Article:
- Publisher: reThink ELA LLC
- Editor: Michelle Waters and Jennifer Williams
Teaching Grammar Doesn’t Work
One of my best writers, a student with stories to tell and an ear for parallel structure, emotionally relevant details, and surprise endings, sat next to me one day at a table in my room as he worked on revising an essay I would later publish in the reThink ELA Social Justice Writing Project. As we talked about his history with writing, he told me he never thought writing was something he could do because he forgets to capitalize, can’t spell very well, and doesn’t know how to use a semicolon.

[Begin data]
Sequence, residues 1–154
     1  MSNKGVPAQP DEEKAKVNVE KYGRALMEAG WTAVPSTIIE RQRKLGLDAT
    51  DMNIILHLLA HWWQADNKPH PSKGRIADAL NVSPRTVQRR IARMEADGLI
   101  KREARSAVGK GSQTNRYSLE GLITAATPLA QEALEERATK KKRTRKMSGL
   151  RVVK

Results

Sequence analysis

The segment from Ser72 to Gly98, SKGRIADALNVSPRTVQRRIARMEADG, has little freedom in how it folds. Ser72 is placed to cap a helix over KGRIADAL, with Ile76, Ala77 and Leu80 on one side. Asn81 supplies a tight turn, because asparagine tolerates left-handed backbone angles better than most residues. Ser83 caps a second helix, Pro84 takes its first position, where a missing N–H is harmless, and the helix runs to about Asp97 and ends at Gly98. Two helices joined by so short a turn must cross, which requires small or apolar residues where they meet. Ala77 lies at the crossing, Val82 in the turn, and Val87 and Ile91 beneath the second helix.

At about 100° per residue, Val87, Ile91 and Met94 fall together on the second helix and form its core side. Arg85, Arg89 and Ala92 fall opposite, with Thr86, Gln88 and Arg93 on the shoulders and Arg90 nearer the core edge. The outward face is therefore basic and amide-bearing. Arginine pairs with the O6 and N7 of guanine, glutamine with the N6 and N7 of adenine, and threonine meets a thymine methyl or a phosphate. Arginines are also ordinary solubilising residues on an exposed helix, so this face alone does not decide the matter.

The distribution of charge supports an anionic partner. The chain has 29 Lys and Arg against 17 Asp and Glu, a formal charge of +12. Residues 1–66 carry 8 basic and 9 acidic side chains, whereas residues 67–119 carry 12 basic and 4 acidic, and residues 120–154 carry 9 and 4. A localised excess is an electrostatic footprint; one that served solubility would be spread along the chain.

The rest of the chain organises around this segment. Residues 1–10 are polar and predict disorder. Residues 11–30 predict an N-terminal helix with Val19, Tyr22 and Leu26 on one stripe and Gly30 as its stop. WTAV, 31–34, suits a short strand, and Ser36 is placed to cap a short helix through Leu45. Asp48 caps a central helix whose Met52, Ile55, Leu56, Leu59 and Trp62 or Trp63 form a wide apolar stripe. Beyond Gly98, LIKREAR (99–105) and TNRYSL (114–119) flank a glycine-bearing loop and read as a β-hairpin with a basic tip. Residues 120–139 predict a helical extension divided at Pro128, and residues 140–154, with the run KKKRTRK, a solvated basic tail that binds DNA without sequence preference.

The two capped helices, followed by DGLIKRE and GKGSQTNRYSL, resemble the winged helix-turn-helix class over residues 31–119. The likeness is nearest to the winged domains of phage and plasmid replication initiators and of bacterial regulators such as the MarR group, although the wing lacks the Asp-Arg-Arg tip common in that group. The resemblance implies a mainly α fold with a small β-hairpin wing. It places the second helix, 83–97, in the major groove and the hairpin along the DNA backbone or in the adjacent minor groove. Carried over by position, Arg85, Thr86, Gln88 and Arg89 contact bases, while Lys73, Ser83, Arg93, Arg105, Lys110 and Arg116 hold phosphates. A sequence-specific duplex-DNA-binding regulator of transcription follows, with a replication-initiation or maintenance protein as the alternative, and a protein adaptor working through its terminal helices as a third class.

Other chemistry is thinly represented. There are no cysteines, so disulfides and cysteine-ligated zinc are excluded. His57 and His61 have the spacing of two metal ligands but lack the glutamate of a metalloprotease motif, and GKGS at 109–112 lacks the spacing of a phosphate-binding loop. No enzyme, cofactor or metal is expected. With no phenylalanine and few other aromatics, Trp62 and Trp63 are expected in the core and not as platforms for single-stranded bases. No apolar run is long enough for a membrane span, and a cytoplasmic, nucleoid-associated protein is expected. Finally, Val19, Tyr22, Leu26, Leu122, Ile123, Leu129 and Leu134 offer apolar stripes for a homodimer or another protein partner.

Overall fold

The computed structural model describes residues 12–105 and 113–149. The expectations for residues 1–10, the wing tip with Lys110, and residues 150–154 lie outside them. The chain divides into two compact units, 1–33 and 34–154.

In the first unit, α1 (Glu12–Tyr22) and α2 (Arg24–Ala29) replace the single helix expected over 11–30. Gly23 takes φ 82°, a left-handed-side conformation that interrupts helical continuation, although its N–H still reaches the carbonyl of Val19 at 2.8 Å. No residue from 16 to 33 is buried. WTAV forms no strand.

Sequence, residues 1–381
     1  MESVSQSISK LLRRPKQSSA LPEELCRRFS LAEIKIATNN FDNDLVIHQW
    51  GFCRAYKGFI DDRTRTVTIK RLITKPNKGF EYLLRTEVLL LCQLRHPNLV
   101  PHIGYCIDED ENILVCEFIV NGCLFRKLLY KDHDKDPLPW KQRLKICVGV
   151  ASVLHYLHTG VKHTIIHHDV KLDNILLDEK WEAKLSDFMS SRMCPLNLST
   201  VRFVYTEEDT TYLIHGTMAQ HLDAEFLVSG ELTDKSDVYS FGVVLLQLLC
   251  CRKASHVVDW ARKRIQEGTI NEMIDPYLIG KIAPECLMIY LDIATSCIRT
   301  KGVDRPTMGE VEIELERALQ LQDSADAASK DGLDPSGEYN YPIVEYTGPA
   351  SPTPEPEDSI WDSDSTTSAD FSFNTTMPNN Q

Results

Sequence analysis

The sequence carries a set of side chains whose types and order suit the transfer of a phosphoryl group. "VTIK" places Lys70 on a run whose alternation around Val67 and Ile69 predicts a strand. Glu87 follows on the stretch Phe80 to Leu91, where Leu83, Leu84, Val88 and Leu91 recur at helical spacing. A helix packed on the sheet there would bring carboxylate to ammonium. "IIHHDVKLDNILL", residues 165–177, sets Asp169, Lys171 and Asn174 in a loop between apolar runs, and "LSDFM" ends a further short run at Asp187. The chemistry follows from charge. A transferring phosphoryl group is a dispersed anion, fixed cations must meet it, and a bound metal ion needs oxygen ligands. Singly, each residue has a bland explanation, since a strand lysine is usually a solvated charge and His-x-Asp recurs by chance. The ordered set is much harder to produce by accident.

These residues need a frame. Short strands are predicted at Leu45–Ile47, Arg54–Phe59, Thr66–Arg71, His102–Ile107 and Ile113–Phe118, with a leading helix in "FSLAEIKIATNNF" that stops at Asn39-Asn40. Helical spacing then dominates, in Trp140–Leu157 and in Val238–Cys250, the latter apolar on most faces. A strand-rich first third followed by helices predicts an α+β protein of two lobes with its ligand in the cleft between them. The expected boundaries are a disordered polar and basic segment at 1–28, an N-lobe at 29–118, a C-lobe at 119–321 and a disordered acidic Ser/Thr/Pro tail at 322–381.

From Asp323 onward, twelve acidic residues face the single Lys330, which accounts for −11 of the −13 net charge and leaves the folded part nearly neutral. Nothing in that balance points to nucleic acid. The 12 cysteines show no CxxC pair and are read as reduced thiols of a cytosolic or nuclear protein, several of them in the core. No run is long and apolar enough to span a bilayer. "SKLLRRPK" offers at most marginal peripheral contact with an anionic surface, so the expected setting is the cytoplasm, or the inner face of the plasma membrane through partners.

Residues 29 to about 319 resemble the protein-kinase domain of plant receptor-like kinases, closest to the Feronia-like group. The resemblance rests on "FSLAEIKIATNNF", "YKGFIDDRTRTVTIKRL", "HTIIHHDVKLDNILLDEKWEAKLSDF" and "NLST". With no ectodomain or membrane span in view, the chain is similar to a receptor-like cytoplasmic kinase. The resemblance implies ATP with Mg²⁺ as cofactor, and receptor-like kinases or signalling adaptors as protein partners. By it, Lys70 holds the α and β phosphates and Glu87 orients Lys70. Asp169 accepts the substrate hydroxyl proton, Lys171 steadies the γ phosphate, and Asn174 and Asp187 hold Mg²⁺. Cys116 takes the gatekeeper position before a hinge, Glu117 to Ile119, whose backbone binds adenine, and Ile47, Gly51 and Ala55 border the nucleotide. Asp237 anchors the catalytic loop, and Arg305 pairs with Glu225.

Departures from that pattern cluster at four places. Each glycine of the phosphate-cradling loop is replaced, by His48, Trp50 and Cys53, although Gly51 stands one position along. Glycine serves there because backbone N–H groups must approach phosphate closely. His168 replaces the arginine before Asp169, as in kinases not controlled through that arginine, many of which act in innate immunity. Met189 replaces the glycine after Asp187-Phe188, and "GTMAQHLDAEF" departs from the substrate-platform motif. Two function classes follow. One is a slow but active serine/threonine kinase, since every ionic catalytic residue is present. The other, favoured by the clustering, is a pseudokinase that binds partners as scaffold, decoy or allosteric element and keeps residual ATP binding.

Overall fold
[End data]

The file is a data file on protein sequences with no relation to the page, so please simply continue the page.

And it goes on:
Yet I know his previous teachers taught grammar extensively through programs such as Shurley Grammar, our school’s textbooks, and tons of worksheets.
And he’s not alone. Every year, I (and teachers across the country) have students show up in class who write without obvious punctuation, sentence construction, or capitalization skills. Some of them can’t remember what a noun or verb is. Many of them are over it. They don’t care.